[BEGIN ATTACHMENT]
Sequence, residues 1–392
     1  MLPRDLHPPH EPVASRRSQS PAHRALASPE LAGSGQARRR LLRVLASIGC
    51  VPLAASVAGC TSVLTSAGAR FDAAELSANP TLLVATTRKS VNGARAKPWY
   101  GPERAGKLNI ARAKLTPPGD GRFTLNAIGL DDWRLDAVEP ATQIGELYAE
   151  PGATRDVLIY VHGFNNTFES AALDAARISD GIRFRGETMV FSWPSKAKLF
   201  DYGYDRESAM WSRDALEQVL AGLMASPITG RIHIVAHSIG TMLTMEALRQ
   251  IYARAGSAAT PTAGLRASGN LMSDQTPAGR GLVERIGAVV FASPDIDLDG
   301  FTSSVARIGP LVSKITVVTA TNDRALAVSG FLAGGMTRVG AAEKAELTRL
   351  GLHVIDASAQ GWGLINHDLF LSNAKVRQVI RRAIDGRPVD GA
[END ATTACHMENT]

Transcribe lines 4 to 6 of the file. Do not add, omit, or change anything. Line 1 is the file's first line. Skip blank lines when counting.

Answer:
   101  GPERAGKLNI ARAKLTPPGD GRFTLNAIGL DDWRLDAVEP ATQIGELYAE
   151  PGATRDVLIY VHGFNNTFES AALDAARISD GIRFRGETMV FSWPSKAKLF
   201  DYGYDRESAM WSRDALEQVL AGLMASPITG RIHIVAHSIG TMLTMEALRQ